Below is a complimentary excerpt from an institutional research note written by our Cannabis analysts Howard Penney and Daniel Biolsi. If you are an institutional investor interested in accessing our research email firstname.lastname@example.org
In Arizona, recreational marijuana will officially be on the November ballot
Yesterday, Arizona Secretary of State Katie Hobbs certified the adult-use legalization initiative petition and announced that recreational marijuana would almost certainly be on the state ballot on November 3rd. The Smart and Safe Arizona initiative submitted over 400,000 signatures with just 238,000 needed for the ballot. The Secretary of State’s Office invalidated approximately 38.6% of the signatures, but the campaign still exceeded the minimum, valid signatures needed. This announcement comes soon after a judge dismissed a lawsuit challenging the petition’s credibility.
Legalization was narrowly beat on the 2016 ballot in Arizona – just over 51% of voters rejected the move. In a June 2020 survey conducted by polling firm Highground Inc., over two-thirds of Arizona voters were supportive of The Smart and Safe Arizona Act (“act”) to legalize adult-use. (Conducted between 5/18 – 5/22, n=400).
The act proposes a limited licensing structure that benefits existing medical marijuana license holders – they would be given the right of first application for the limited recreational licenses. The act stipulates that on or before April 5, 2021, medical marijuana dispensaries would be allowed to sell recreational marijuana until the state issues licenses for recreational dispensaries, and it says that existing medical marijuana dispensaries could obtain a recreational marijuana dispensary license and potentially operate in the same location.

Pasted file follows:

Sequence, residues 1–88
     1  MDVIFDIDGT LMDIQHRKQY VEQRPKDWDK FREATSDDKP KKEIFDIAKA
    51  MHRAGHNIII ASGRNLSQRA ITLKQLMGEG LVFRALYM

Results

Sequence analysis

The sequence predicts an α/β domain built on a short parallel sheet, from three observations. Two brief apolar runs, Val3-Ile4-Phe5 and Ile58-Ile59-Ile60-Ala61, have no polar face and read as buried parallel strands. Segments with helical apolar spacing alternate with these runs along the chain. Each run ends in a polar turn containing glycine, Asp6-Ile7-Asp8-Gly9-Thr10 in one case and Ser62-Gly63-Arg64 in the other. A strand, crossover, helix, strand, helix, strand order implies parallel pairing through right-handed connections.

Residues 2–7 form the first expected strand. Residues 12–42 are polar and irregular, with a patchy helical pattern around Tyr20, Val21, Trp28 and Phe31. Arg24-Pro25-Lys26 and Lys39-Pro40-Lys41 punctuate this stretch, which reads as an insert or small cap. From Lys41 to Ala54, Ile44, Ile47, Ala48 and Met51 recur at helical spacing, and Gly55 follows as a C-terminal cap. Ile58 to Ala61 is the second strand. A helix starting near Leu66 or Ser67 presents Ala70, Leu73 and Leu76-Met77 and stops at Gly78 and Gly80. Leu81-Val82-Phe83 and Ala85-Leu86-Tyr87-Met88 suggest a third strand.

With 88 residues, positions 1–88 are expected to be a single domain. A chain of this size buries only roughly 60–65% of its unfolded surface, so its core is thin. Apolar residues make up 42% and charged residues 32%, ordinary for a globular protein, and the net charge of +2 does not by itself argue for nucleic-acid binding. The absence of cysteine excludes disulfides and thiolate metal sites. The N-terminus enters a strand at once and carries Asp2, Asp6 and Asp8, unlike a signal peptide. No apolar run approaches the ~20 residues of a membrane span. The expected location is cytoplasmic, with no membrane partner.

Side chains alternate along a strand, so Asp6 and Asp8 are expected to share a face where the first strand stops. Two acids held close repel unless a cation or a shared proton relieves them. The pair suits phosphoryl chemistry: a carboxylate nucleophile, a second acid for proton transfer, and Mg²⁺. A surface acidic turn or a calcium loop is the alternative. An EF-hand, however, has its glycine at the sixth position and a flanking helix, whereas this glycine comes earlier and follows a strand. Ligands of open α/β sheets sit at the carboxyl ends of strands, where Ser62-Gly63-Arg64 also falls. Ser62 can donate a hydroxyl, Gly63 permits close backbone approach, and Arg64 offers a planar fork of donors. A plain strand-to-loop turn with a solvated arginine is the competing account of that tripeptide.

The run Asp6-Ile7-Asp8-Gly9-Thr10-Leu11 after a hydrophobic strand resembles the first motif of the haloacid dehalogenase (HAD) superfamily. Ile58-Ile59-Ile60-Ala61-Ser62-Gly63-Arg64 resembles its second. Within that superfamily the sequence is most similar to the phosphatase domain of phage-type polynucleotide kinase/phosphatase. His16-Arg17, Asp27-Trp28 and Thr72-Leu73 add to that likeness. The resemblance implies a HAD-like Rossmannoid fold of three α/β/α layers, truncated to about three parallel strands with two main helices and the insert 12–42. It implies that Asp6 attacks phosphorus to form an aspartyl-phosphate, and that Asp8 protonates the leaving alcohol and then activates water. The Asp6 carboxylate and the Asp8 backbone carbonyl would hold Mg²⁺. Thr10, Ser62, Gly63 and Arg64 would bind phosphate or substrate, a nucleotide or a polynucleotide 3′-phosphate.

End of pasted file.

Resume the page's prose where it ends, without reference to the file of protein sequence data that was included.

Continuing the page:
Harvest Health (HRVSF) has 14 operational retail locations and 4 operational cultivation licenses in Arizona.
Curaleaf (CURLF) has 9 operational retail locations and 2 operational cultivation licenses in Arizona.
Below is an estimated fiscal analysis of adult-use legalization in Arizona, prepared by the Arizona Joint Legislative Budget Committee, that projects possible adult-use sales of $1.04 billion by 2023.
Biden picks Kamala Harris for VP – Where does she stand on legalization?
Democratic presidential nominee Joe Biden has selected Senator Kamala Harris as his running mate. When Harris was running for president, she made federal legalization a key part of her platform.
In May 2018, Harris officially came out in support of federal legalization by backing Senator Cory Booker’s Marijuana Justice Act.
In July 2019, Harris sponsored a marijuana descheduling bill, the Marijuana Opportunity Reinvestment and Expungement (MORE) Act, which had social equity provisions.
In September 2019, Harris released a criminal justice reform plan, saying, “it is past time to end the failed war on drugs, and it begins with legalizing marijuana.”
However, Harris has received criticism on her history as a prosecutor, most notably from former presidential candidate Rep. Tulsi Gabbard (D-HI) in an August Democratic debate: “She put over 1,500 people in jail for marijuana violations and then laughed about it when she was asked if she ever smoked marijuana.”
Harris’s vocal support of legalization goes against Biden’s known reluctance on federal legalization. If the Biden/Harris ticket wins this November, Biden will be entering office at 78 – it seems almost certain that he would be a one-term president. It is within reason to think that Harris will be a strong contender for the Democratic presidential nomination come 2024. With Harris on the ticket and the possibility of a blue wave come November, the prospects for federal legalization have brightened.